Most of us are unable to recreate the past, no matter how badly we want to. However, Grays Historical Seaport, based in Washington, has successfully brought a past treasure into the present, recreating historical “tall ships” identical to those that sailed more than 200 years ago. MorroBay_Dec2015_111.jpg

Tall ships Lady Washington and Hawaiian Chieftain tour through several West Coast cities year-round to introduce the public to maritime history. This November and December, the two tall ships will dock in Morro Bay for public tours, adventure and battle sails, and to participate in the annual Lighted Boat Parade event.  

The Lady Washington will be arriving in Morro Bay on November 23, and the Hawaiian Chieftain will be arriving on December 4. Both ships will be departing on December 12. There will be free weekday tours open to the public from 4-5pm, closed on Mondays. On weekends, the ships will be hosting “adventure sails” and “battle sails” at sea.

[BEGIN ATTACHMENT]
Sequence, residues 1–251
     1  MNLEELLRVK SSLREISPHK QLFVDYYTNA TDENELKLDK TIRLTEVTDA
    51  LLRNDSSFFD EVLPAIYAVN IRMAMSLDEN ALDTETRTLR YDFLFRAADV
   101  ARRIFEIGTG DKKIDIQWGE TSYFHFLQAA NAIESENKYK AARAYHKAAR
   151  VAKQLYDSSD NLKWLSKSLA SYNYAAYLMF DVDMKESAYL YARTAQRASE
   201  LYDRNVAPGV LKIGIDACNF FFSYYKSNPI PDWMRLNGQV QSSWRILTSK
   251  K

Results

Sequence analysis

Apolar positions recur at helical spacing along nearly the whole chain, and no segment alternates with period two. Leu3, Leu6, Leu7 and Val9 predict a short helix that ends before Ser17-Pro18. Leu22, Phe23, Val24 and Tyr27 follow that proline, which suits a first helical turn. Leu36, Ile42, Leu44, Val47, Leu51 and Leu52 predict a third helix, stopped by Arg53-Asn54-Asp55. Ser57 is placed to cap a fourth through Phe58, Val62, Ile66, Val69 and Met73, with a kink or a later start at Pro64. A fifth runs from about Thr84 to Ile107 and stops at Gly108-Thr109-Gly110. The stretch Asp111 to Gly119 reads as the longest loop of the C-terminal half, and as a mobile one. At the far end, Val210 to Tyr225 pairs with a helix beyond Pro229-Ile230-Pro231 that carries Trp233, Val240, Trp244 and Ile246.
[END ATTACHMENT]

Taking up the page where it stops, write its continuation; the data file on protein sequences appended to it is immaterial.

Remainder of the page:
“Some people imagine a modern ship, or a Navy cutter,” says Execute Director Brandi Bednarik. “‘Pirate Ship’ comes pretty close, but it leaves out the truth of why ships like these sailed mostly for trade, exploration, and in military action. Our mission is to share this history with the American public.” 

Both ships have a unique history dating back to the 1700’s. The Lady Washington was the first American vessel to make landfall on the west coast of North America in 1788, as well as the first to visit Honolulu, Hong Kong and Japan. The Hawaiian Chieftain is inspired by early colonial passenger and coastal packets that traded amongst Atlantic coastal cities and towns.
In 1993, both replicas engaged in their first “mock sea battle” in San Francisco, blossoming a relationship that would perform for years to come. 
Dockside visitors can expect to tour the vessel and talk with the crew, while sailing passengers will experience the crew in-action and the ship under wind power. 
For a schedule of events for the Hawaiian Chieftain and Lady Washington’s visit in Morro Bay, click HERE.